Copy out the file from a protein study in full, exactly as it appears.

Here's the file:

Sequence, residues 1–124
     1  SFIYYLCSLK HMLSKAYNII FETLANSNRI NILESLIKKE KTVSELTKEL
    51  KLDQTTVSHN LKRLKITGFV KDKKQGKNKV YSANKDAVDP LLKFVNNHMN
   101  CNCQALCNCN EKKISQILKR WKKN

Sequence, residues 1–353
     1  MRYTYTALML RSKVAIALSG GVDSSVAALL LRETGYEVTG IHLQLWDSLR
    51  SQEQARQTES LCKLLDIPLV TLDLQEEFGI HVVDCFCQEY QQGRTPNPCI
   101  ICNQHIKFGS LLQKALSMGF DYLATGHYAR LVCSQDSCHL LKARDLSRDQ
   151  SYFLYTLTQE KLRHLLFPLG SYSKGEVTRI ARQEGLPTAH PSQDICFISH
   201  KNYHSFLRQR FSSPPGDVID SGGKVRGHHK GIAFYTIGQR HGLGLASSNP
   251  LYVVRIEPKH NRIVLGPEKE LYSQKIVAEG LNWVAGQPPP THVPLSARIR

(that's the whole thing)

Sequence, residues 1–124
     1  SFIYYLCSLK HMLSKAYNII FETLANSNRI NILESLIKKE KTVSELTKEL
    51  KLDQTTVSHN LKRLKITGFV KDKKQGKNKV YSANKDAVDP LLKFVNNHMN
   101  CNCQALCNCN EKKISQILKR WKKN

Sequence, residues 1–353
     1  MRYTYTALML RSKVAIALSG GVDSSVAALL LRETGYEVTG IHLQLWDSLR
    51  SQEQARQTES LCKLLDIPLV TLDLQEEFGI HVVDCFCQEY QQGRTPNPCI
   101  ICNQHIKFGS LLQKALSMGF DYLATGHYAR LVCSQDSCHL LKARDLSRDQ
   151  SYFLYTLTQE KLRHLLFPLG SYSKGEVTRI ARQEGLPTAH PSQDICFISH
   201  KNYHSFLRQR FSSPPGDVID SGGKVRGHHK GIAFYTIGQR HGLGLASSNP
   251  LYVVRIEPKH NRIVLGPEKE LYSQKIVAEG LNWVAGQPPP THVPLSARIR